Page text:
How to Hike the Ben Nevis Pony Track
Hiking Trail Name: Ben Nevis Pony Track
Distance: 10.5 miles (there and back)
Total Climb: 1325m (4,436 feet)
Time: 5-7 hours
What is the Ben Nevis Pony Track?
Ben Nevis is the highest mountain in the UK and the famous lofty peak of the Scottish skies. Surely, anyone who is interested in hiking in Britain needs to add this peak to their mountaineering accolades. Unlike other summits in the UK, Ben Nevis really only has one main route to the top.
The Ben Nevis Pony Track, “Mountain Path”, or “Tourist Track” as it’s also known, is by far the most popular route to the top of this 1,345-meter peak. What makes this path so challenging, but undeniably exciting, is its huge ascent.
The trail begins down by the lochs of Fort William, which are effectively at sea level. Therefore, during one push for the summit, one must climb close to 1,325 metres. That is nearly double the ascent of the UK’s second-highest mountain, Snowdon.
How to reach the Pony Track Trail Head?
The Ben Nevis Pony Track is located in the western highlands of Scotland. The trailhead is in the nearby town of Fort William, a reasonably sized urban area with good transport links.
Hikers can reach Fort William by sleeper train from England and indeed from cities throughout the UK. There are also bus terminals in Fort William for a cheaper form of public transport. Hikers wishing to climb the Ben Nevis Pony Track can head straight to Fort William and depart right from the city centre (although it is a 2-mile walk to the official trailhead).
For those wishing to drive, there is parking at the Ben Nevis Visitor Centre. As with many popular hiking spots in the UK, it’s best to arrive early if you wish to bag a parking slot. Alternatively, you can look for parking in Fort William, but this will extend your hike distance.
How to Navigate on the the Trail?
The Ben Nevis Pony Track begins in proper from the hamlet of Achintee. You can either start from the Glen Nevis Youth Hostel, on the southern side of the River Nevis, or the Ben Nevis Visitor Centre to the north. All along this stretch of river, there are campsites, parking areas, and youth hostels. Depending on where you’re staying, you’ll be closer to one of these trailheads than the other.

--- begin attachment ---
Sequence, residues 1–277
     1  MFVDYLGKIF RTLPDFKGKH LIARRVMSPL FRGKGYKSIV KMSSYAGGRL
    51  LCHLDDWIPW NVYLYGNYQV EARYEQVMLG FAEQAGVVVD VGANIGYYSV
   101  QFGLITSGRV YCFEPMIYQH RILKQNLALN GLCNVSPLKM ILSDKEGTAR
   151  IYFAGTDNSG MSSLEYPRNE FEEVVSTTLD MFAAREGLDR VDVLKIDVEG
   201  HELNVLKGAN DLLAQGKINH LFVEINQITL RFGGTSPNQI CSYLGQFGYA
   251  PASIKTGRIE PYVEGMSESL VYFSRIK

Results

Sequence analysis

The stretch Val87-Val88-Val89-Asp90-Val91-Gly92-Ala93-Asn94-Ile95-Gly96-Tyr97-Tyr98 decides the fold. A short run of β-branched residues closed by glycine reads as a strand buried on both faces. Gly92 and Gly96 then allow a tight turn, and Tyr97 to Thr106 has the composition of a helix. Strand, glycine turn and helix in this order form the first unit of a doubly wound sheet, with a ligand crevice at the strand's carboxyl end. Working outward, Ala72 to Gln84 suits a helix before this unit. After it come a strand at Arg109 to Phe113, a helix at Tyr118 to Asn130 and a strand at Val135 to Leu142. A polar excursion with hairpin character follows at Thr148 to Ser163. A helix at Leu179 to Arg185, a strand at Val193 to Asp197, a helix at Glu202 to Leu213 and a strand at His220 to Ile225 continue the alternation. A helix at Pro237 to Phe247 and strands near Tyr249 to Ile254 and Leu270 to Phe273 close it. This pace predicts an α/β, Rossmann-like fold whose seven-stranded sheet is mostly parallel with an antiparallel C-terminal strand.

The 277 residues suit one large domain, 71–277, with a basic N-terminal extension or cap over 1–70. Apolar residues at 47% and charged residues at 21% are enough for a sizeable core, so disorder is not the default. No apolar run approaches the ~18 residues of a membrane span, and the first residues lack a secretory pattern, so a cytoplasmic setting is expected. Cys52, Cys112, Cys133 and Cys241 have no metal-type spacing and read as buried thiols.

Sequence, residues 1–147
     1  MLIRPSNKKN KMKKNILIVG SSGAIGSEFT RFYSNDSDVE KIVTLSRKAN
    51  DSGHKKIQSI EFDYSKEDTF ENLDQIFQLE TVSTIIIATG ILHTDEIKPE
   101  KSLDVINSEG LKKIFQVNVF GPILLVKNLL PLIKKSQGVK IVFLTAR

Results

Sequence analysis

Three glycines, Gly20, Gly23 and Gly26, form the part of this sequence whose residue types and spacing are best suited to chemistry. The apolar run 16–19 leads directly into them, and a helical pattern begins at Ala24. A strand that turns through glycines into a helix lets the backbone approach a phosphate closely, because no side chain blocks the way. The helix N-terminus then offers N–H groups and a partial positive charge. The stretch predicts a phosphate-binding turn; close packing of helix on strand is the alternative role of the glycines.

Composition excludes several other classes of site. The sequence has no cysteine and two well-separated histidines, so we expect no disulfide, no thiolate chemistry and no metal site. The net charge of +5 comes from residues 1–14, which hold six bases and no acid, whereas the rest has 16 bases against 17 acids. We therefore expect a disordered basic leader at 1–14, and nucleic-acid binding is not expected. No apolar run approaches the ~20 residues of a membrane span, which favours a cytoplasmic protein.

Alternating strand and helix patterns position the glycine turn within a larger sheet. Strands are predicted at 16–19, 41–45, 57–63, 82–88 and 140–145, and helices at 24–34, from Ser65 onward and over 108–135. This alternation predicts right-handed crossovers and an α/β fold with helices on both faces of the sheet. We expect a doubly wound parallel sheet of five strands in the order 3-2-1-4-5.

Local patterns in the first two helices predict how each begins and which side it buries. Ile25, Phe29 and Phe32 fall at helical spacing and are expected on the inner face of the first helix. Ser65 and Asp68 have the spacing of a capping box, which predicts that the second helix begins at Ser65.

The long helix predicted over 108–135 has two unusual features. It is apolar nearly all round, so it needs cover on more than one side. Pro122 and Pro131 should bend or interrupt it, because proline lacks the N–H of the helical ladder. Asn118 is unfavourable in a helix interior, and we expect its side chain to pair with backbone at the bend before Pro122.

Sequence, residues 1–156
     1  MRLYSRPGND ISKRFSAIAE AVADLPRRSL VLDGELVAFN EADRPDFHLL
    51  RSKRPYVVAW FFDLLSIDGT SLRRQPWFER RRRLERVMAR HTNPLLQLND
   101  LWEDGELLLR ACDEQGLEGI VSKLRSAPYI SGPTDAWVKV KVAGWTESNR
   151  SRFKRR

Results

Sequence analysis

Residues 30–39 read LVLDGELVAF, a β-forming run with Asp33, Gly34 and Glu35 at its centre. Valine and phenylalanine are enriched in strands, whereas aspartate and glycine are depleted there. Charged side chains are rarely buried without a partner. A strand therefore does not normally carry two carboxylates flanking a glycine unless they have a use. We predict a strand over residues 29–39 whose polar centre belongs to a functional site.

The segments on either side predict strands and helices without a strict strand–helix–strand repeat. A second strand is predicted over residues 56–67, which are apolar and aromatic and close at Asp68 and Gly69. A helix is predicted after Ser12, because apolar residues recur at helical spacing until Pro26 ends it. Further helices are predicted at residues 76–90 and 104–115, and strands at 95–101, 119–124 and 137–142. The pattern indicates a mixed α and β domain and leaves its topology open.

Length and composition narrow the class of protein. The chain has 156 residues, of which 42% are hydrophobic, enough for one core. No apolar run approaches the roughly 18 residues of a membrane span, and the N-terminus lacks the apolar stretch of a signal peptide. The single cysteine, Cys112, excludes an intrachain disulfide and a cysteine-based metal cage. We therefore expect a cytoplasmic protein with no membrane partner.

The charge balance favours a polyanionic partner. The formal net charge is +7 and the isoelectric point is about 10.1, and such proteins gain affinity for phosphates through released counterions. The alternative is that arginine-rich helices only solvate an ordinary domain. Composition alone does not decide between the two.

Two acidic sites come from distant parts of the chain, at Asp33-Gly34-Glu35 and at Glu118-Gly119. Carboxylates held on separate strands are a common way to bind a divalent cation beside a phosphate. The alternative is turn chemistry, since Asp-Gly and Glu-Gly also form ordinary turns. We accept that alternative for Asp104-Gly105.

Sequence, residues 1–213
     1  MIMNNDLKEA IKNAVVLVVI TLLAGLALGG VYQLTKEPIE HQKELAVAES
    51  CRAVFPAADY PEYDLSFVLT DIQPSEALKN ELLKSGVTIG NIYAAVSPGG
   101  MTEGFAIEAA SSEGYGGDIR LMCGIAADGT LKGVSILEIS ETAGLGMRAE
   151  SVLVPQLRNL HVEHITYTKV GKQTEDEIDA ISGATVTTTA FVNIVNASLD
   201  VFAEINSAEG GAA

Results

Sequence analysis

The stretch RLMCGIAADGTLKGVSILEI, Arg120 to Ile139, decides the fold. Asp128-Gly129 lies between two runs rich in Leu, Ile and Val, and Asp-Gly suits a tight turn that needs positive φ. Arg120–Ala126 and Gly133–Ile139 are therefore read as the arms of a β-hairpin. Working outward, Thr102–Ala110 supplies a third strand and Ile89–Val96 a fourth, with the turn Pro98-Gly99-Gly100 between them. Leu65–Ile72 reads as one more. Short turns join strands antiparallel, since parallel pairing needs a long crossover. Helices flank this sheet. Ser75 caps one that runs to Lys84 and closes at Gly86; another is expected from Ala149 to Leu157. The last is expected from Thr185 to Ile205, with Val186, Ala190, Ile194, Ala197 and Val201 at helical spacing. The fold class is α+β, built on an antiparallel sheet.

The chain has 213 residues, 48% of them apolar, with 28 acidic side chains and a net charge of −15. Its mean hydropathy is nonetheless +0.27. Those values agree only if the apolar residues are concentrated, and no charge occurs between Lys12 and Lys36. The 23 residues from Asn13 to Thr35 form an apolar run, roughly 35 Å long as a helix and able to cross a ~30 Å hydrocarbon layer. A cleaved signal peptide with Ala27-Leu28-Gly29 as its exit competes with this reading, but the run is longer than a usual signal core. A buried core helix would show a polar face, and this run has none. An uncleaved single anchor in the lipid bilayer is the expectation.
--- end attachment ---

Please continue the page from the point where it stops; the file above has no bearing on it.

Either way, both converge shortly after leaving Glen Nevis. The most popular route is to cross the bridge beside the Ben Nevis Visitor Centre to begin the trail. The route is well paved with gravel and stone steps. The path traces the valley side gradually working its way up the fells. At Lochan Meall an t-Suidhe, you reach the halfway point to the summit of the Ben Nevis Pony Track.
From here, you follow a series of switchbacks through rocky outcrops, steadily climbing higher. If the mist and rain keep at bay, the views of the highlands should be spectacular, particularly back towards Fort William and the fells.
The final push follows several large rock cairns leading up to the summit. A trig point marks the summit which should be easy to identify from its stone plinth and hikers surrounding the marker taking photos! On the plateau, you’ll also see the remains of an old observatory surrounded by crumbling stone walls.
The trail is considered challenging. As the biggest peak in the UK, climbing the Ben Nevis Pony Track is understandably expected to be a difficult undertaking. Preparations need to be made before departure and a good level of fitness is recommended to maximise success.
However, the trail is technically the most accessible trail up to the summit but that doesn’t mean it’s easy. Often people have to turn back due to poor weather or lack of adequate fitness levels.
Recommended Kit List
Anyone climbing the Pony Track should be prepared for all eventualities. This is not a mountain hike you should take lightly. Even until May, there can be snow and ice blanketing the summit. Blizzards and whiteouts have caused many fatalities on the peak and each season mountain rescue has their hands full with calls to save people.
That shouldn’t put anyone off but it’s a reminder to take precautions and be prepared. Cold weather gear and waterproof layers are both advisable. A hat, gloves, fleece, down jacket, and waterproof layers should all be stored in a backpack. It’s worth getting a waterproof stuff sack or shell layer to keep your inner items extra dry.
If you want to be prepared, add an emergency blanket to your kit list. They’re lightweight and hardly cost anything. You can buy them at most outdoor apparel stores, and they can be the difference between life and death if you’re caught out on the mountain.
Food & Drink
Stock up in Fort William. Your best access to shops is in the town centre. Buy provisions for the hike including trail snacks and water. Food like nuts, trail bars, dried fruit, and chocolate are all good snacks to eat while hiking. They store easily in your bag and give you that boost of energy you need to keep going.
It gets cold in the Scottish Highlands, particularly at the summits. A flask filled with tea or hot chocolate can make a world of difference in warming your belly and keeping you motivated. Or, if you want the real authentic experience, a nip of Scottish whisky to celebrate reaching the summit can’t do too much harm!
Pony Track Bonus Tips
To best tackle the trail, hikers should carry all the correct equipment and clothing. It’s generally advised to climb the route in pairs and it’s worth checking the weather forecast regularly to watch out for any adverse conditions.
As mentioned, Ben Nevis has some of the fiercest weather systems in all of Scotland. Pay particular attention to mountain forecasts and weather warnings. Do not try to attempt an ascent if the conditions are poor. Climbing this trail is an exciting undertaking, but it certainly isn’t easy!
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